On Tuesday, the United States Supreme Court ruled that plaintiffs cannot sue foreign corporations for claims brought under the Alien Tort Statute ("ATS"). Part of the Judiciary Act of 1789, the ATS provides federal courts with "original jurisdiction" over "any civil action by an alien for a tort only, committed in violation of the law of nations or a treaty of the United States." The ATS does not define what constitute violations of international law or the parties who may be liable for those violations. In its opinion, the Court explained that ordinarily Congress should decide whether a corporate defendant ought to be subject to a lawsuit, and that "neither the language of the ATS nor the precedents interpreting it support an exception" to that general principle.1 This decision demonstrates the continued trend in Supreme Court jurisprudence to narrow the types of actions that can be brought against foreign entities in US courts.
The Court's decision in Jesner v. Arab Bank affirmed the Second Circuit's dismissal of a suit against a Jordanian financial institution, Arab Bank PLC. This case arose from five ATS lawsuits against Arab Bank, originally filed in the United States District Court for the Eastern District of New York between 2004 and 2010. Plaintiffs, a majority of whom were foreign nationals, alleged that they or their family members were injured in terrorist attacks in Israel, the West Bank, and the Gaza Strip occurring between January 1995 and July 2005. The plaintiffs claimed that Arab Bank helped facilitate financial transactions for terrorist groups such as Hamas, as well as for terrorist "front" organizations, including the Texas-based charity, the Holy Land Foundation for Relief and Development. Although a majority of the plaintiffs’ allegations involved conduct occurring only in the Middle East, the plaintiffs also claimed that Arab Bank had used its New York branch to clear US dollar transactions, which in turn benefited the perpetrators of the terrorist attacks.
Petitioners, the foreign national plaintiffs in the various cases against Arab Bank, sought to overturn the Second Circuit’s ruling, which previously determined that the plaintiffs could not use the ATS to bring tort claims against Arab Bank. The Second Circuit’s decision was based in part on a 2013 Supreme Court case, Kiobel v. Royal Dutch Shell, which limited the use of the ATS against foreign corporations where "all the relevant conduct took place outside the United States."2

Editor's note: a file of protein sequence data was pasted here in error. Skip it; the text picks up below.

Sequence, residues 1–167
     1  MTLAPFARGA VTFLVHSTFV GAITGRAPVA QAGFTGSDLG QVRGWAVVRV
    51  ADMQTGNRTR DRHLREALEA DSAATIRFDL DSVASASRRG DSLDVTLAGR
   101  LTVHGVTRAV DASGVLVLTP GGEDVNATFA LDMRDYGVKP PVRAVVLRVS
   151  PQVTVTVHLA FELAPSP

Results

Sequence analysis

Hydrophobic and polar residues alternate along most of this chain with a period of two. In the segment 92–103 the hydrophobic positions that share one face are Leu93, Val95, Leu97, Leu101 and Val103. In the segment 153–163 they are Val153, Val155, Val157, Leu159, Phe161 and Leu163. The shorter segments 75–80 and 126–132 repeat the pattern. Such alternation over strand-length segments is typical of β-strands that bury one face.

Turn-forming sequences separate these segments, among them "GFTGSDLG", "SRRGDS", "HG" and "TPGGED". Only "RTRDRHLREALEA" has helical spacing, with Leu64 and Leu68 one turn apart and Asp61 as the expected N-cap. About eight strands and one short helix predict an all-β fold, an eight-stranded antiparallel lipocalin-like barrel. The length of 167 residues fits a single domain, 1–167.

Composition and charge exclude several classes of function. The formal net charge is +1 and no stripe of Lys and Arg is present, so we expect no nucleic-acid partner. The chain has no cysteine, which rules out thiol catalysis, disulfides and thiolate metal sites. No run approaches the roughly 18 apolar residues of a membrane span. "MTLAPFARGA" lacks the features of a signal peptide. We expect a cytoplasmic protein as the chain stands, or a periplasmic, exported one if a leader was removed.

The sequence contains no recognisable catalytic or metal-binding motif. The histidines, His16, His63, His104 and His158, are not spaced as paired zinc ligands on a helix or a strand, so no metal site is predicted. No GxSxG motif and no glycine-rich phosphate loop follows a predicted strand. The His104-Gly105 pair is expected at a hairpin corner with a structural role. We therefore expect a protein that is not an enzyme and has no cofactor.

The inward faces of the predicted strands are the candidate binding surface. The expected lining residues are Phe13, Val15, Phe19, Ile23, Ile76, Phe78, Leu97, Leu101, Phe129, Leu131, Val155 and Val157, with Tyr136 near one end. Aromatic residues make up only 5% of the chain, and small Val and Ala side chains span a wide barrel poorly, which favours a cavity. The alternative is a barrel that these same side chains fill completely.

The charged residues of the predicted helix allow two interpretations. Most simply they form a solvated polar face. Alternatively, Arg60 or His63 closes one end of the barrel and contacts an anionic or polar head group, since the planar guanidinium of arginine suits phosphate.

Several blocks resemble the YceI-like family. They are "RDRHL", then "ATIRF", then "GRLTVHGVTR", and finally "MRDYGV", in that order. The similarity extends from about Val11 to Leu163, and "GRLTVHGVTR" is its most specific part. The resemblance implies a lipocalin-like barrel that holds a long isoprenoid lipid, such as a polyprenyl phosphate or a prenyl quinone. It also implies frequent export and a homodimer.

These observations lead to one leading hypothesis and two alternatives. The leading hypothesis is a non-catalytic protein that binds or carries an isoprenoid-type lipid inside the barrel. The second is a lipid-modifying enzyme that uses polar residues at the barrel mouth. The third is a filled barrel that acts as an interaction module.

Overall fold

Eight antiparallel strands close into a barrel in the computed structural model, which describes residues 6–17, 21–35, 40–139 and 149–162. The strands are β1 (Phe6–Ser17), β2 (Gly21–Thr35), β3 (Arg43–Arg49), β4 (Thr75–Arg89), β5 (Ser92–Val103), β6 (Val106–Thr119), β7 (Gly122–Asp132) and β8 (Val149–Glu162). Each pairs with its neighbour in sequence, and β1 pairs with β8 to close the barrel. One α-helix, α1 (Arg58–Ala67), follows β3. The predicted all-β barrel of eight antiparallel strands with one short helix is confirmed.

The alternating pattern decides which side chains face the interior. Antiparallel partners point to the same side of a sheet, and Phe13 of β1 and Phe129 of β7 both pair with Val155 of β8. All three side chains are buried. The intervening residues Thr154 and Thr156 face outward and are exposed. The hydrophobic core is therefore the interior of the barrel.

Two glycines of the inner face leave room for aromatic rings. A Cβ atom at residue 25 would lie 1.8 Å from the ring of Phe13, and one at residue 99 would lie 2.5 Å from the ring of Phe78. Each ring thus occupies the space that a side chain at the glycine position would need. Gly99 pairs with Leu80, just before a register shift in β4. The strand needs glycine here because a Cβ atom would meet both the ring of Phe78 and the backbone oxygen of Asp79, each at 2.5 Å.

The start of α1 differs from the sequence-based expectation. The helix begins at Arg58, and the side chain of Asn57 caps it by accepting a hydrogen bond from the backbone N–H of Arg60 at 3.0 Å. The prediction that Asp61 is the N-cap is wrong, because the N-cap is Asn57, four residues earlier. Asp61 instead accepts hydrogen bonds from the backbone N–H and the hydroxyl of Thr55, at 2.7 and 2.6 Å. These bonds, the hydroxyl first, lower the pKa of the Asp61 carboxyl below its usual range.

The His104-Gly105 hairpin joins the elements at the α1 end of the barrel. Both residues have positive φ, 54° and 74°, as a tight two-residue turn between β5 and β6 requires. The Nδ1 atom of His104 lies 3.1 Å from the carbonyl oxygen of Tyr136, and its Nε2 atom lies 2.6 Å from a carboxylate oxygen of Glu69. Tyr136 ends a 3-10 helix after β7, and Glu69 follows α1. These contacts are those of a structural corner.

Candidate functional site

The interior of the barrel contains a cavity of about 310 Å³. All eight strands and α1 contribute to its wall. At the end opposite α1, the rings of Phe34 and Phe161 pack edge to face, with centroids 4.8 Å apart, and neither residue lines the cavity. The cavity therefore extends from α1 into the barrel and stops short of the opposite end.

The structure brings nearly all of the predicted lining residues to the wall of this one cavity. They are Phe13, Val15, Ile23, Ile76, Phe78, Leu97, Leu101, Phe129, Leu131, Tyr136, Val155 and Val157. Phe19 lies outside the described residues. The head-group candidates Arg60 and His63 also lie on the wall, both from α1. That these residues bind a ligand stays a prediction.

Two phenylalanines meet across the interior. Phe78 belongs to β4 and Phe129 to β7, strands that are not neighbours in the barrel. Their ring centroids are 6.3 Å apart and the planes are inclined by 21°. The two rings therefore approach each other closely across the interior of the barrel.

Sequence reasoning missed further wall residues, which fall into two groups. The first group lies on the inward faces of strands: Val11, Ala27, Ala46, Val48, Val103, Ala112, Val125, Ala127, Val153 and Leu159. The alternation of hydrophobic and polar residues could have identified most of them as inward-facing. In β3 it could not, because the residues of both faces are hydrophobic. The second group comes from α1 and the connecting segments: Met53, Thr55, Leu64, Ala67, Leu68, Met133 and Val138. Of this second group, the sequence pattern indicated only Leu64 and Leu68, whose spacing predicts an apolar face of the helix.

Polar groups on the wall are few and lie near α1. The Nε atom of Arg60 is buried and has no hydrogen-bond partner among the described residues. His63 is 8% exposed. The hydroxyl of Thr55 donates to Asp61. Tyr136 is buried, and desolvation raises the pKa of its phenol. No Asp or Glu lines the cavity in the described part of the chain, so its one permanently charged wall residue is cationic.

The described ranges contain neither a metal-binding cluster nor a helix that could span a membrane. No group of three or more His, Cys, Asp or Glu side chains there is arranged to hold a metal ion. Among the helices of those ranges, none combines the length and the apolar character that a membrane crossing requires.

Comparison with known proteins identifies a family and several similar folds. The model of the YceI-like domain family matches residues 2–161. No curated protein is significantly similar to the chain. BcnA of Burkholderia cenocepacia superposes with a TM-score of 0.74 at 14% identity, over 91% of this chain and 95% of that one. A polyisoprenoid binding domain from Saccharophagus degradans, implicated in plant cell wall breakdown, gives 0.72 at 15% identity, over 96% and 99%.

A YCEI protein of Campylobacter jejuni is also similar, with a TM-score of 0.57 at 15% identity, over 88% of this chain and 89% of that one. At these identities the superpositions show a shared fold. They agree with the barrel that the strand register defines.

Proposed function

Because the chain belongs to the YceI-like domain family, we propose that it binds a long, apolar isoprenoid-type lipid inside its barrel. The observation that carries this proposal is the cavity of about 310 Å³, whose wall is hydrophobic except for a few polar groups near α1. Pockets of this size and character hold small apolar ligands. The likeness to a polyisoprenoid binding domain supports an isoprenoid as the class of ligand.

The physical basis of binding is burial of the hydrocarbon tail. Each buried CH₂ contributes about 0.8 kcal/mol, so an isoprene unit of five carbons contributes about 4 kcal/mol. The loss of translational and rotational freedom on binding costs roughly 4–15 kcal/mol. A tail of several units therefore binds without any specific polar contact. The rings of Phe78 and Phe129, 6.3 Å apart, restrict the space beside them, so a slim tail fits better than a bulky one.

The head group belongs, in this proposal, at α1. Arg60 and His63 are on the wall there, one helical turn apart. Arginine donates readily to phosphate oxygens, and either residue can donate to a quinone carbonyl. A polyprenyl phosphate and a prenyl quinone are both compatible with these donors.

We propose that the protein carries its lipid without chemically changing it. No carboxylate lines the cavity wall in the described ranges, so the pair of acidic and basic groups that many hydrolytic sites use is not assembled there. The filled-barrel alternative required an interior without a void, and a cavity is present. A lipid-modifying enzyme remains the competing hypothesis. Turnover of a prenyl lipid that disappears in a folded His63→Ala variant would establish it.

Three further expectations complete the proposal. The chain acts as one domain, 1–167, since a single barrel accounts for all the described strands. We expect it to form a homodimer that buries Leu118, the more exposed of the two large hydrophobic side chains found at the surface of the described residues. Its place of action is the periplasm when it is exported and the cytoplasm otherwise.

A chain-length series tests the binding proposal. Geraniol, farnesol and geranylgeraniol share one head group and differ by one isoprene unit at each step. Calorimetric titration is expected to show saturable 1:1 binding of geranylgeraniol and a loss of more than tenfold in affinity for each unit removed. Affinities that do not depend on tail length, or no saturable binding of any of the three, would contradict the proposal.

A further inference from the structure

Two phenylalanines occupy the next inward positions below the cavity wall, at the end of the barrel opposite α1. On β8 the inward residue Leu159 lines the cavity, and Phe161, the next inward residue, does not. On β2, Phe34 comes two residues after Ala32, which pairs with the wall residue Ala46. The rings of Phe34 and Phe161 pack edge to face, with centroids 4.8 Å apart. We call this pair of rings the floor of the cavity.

In Jesner, the Supreme Court noted that international agreements governing international criminal tribunals generally have only applied to individuals, not companies. Moreover, the Rome Statute of the International Criminal Court had considered a corporate liability provision, but ultimately that provision was removed from the final Statute. Thus, the Court held that "[t]he international community’s conscious decision to limit the authority of these international tribunals to natural persons counsels against a broad holding that there is a specific, universal, and obligatory norm of corporate liability under currently prevailing international law."3 Under these circumstances, the Supreme Court explained that the courts should generally refrain from creating private rights of action because those decisions are better left to the legislature.
The potential repercussions on US foreign relations inherent in ATS cases also played an important part in the Court’s decision. The Court highlighted the role of Congress and the Executive Branch in matters of foreign policy, and noted that the foreign policy concerns implicated in ATS claims only increase the need for caution by the judiciary in creating private rights of action. Consequently, the Court concluded that "absent further action from Congress it would be inappropriate for courts to extend ATS liability to foreign corporations."4
The US and Jordan both weighed in as amici in the case. Although the US argued that foreign corporations could be held liable under the ATS for actions that touch the US, it nonetheless concluded that Arab Bank's alleged conduct was too remote from the US for the ATS to apply. In particular, the US discussed the "need for judicial caution about foreign policy concerns" when evaluating an ATS claim in instances where the connection between a defendant's conduct and the US is so limited.5
In its brief, Jordan stated that the case was a "grave affront" to its sovereignty, and that the potentially massive liability Arab Bank might be exposed to "threaten[ed] to destabilize Jordan's economy and undermine its cooperation with the United States."6 Jordan also explained that because ATS claims can reach primarily extraterritorial conduct of foreign nationals, these cases "present a heightened risk that US courts will trench on foreign sovereign prerogatives."7 The Supreme Court observed that "this is not the first time" a foreign sovereign "has appeared in this Court to note its objections to ATS litigation," which is indicative of the type of "foreign-relations tensions" that ought to be avoided in ATS cases.8
The Court's ruling definitively precludes actions against foreign corporations under the ATS, thereby further narrowing the types of cases that can be brought against foreign entities in US courts.